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The Bitter Taste Of Revenge: The Significance Of Seeking Vengeance

1282 words - 5 pages

The idiom “revenge is sweet” appears so frequently that one might think the cliché is true, yet the nature of revenge is far more complex and may leave more bitterness in its wake. The cyclical nature of revenge and man’s inhumanity to man means it has a propensity to intensify and devastate the people in its wake including the inflictor. Gabriel García Márquez’s Chronicle of a Death Foretold and Isabel Allende’s The House of the Spirits examine the theme of the nature of revenge through the presence and significance of prominent characters seeking revenge in both Latin American novels.
When family and personal honor taints, the aftermath escalates into a major threat stemming from the nature of revenge forming in order to protect a principle. In order to save the family’s honor, which the town holds of the utmost importance, the Vicario brothers seek vengeance on Santiago Nasar. Pablo Vicario’s betrothed Prudencia Cotes, “knew what they were up to […] and [she] didn't only agree, [she] never would have married [Pablo] if he hadn't done what a man should do” (García Márquez 62). The quote characterizes not only Prudencia as unsympathetic, but also much of the town, whose indifference comes in part from its belief that the men have a duty to protect the women from disgrace. The House of the Spirits’ arguable protagonist, Esteban Trueba, tries to save his daughter from what he thinks of as disgrace in a similar manner-murder. The time passes “since the fateful day when Trueba had made him pay for his daughter’s virginity with an axe. Pedro Tercero remembered him as an angry giant” (Allende 360). The simile comparing Trueba to a giant emphasizes the lasting impact the encounter has on Pedro Tercero. Both accounts of vengeance display the authors’ views on men protecting the purity of the women in their lives. Allowing their soiled reputation to be a catalyst for revenge, the Vicario brothers and Trueba discount the prospects of discussion or less reversible revenge to protect those they see as victims and save face.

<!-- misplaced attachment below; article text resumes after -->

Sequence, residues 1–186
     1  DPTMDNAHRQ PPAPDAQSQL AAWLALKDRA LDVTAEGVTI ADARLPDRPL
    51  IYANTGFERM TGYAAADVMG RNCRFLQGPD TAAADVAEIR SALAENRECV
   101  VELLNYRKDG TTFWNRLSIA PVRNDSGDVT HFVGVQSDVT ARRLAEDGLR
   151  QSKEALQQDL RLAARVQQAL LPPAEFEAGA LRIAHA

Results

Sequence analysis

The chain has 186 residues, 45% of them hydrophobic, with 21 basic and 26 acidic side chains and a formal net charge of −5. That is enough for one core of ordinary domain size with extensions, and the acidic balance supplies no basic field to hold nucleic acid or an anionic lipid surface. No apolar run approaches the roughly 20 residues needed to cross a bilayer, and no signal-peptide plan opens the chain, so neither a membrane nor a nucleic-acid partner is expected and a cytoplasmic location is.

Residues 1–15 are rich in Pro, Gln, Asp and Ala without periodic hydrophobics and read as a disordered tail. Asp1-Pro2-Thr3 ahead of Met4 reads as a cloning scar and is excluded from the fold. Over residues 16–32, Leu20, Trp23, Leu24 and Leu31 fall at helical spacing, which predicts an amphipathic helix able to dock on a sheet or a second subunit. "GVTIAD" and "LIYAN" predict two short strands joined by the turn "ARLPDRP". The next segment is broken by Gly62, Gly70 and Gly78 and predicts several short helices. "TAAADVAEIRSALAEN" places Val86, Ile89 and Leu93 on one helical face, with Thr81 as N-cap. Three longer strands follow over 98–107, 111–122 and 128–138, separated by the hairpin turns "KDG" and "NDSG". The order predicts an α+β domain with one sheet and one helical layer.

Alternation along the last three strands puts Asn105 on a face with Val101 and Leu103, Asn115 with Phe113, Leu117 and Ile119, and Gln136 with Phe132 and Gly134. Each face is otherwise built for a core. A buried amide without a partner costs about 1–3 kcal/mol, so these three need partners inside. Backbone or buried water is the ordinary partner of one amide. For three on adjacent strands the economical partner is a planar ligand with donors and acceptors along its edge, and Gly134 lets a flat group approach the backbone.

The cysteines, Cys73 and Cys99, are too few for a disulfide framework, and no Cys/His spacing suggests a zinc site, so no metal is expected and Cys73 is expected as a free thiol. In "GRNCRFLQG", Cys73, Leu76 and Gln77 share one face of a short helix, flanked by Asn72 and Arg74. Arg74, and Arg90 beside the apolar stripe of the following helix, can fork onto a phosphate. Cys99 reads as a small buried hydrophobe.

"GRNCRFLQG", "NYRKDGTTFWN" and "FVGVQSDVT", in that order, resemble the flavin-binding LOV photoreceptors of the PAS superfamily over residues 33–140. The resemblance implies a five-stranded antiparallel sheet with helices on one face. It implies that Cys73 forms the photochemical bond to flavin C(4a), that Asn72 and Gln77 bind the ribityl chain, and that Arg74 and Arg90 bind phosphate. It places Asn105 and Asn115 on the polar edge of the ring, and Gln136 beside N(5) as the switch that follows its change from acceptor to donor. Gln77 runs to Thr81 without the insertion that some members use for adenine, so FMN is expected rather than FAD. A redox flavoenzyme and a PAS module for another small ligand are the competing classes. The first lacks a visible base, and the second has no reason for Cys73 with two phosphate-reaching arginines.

Fueled by passion and violent rage, an unreasonable amount of revenge becomes displaced and fixated on those deemed responsible. García Márquez writes, “Faustino Santos was the only one who perceived a glimmer of truth […]he asked him jokingly why they had to kill Santiago Nasar […] ‘Santiago Nasar knows why,’ Pedro Vicario answered him” (52). The irony displayed in this scene between the butcher and the Vicario brothers demonstrates the illogical and snap judgment of the brothers. Although class antagonism plays a role in Faustino’s dismissal of the death threat, he sees a seed of truth in the unreasonable. This is similar to the amount of torture Esteban Garcia wants to inflict in The House of the Spirits. With a bruised sense of ego, Esteban García begins to exact his payback instead in a torturous manner, “Alba understood that he was not trying to learn Miguel’s true whereabouts but to avenge himself for injuries that had...

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